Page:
While reading this book, the memories of my years in Alaska came flooding back in such a powerful way, that I often had to put it down and just sit with my thoughts. I am an unusual reviewer because I know firsthand the places she writes about: the housing project in Fairbanks, the Catholic convent, the commercial fishing boat in Southeast Alaska. Those places rang true, along with her characterizations of the cultures.
Readers in search of a beautifully written book about teens of different cultural backgrounds in a unique setting. Also writers in search of how to write about diverse characters with respect and authenticity, a challenge I believe all of us writers face today.
One of the native characters faces sexual abuse. Bonnie-Sue explains, “I would never stereotype because I just don't have a one sided view of any of these issues. But I don't believe silence will ever change anything either, it just perpetuates it.” When Bonnie-Sue was struggling with how to tell Dora’s story of abuse, a group of Alaska Native girls spoke out about the abuse in their village. Their courage inspired Bonnie-Sue to keep writing. As did the play “Our Voices Will Be Heard,” which premiered recently at the Perseverance Theater in Juneau, about girls speaking out against sexual abuse. “I hope anyone who is offended by the idea that our stories are “stereotyping,” will be equally offended by the high rates of abuse, alcoholism and suicide.”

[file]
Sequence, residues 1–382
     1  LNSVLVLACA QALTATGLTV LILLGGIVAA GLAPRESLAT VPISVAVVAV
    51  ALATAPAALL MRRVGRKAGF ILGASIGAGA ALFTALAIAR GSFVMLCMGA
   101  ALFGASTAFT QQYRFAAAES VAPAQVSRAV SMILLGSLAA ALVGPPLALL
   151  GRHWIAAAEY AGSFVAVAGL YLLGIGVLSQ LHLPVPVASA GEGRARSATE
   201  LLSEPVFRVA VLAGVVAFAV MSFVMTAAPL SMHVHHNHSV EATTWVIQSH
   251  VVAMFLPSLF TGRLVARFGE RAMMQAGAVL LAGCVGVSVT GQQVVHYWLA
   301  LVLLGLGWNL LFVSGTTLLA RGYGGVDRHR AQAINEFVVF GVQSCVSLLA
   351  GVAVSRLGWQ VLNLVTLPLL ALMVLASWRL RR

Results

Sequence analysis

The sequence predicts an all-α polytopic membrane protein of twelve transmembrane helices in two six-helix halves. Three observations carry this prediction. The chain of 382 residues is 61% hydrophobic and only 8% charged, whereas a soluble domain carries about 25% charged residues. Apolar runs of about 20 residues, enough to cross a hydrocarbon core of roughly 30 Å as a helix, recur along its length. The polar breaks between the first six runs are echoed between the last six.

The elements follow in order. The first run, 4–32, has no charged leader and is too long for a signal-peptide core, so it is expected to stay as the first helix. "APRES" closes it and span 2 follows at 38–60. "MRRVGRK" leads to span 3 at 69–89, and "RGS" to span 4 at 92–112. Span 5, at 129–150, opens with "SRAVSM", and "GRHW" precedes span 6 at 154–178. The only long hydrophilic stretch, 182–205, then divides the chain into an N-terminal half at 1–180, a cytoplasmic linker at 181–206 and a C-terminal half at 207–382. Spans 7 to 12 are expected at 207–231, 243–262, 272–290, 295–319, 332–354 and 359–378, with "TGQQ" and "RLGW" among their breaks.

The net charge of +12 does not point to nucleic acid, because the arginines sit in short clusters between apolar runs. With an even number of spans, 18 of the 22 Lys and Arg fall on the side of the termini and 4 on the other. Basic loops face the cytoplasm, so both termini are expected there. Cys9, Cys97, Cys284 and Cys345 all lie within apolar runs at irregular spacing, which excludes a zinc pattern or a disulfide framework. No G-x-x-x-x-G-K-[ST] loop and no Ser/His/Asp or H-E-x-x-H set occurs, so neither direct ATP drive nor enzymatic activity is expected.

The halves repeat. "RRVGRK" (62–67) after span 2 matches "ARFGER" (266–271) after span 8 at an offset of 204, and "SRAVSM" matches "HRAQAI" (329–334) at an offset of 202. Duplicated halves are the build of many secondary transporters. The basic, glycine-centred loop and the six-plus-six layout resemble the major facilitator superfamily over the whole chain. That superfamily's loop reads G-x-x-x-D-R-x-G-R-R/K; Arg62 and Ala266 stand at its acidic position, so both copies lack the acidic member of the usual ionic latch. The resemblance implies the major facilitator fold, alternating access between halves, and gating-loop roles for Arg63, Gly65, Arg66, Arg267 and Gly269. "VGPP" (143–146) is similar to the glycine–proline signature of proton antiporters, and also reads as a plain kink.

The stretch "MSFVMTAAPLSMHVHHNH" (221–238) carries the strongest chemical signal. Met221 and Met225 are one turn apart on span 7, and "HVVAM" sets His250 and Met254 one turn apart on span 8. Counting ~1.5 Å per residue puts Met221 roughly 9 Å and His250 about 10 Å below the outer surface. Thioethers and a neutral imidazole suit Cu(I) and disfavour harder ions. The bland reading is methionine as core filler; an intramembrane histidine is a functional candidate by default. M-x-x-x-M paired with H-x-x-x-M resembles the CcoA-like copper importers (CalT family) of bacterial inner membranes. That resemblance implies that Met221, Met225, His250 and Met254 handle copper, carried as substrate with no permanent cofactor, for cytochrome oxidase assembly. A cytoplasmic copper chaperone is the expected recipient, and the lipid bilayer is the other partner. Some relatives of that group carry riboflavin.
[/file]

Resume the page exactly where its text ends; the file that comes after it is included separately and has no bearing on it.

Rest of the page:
An in-depth review of Bonnie-Sue’s book can be found on the blog of Alaskan writer and librarian Ann Dixon. Check it out at: http://www.kidlitnorth.
This topic of writing diverse characters is so challenging that I have continued my discussion in tomorrow’s post on the Storyteller’s Inkpot. Along with my thoughts, it features more insights from Bonnie-Sue and Debby Dahl Edwardson, author of the National Book award honor book, the novel My Name is Not Easy. See: http://thestorytellersinkpot.blogspot.com
Please join in. We need many voices to keep us moving forward.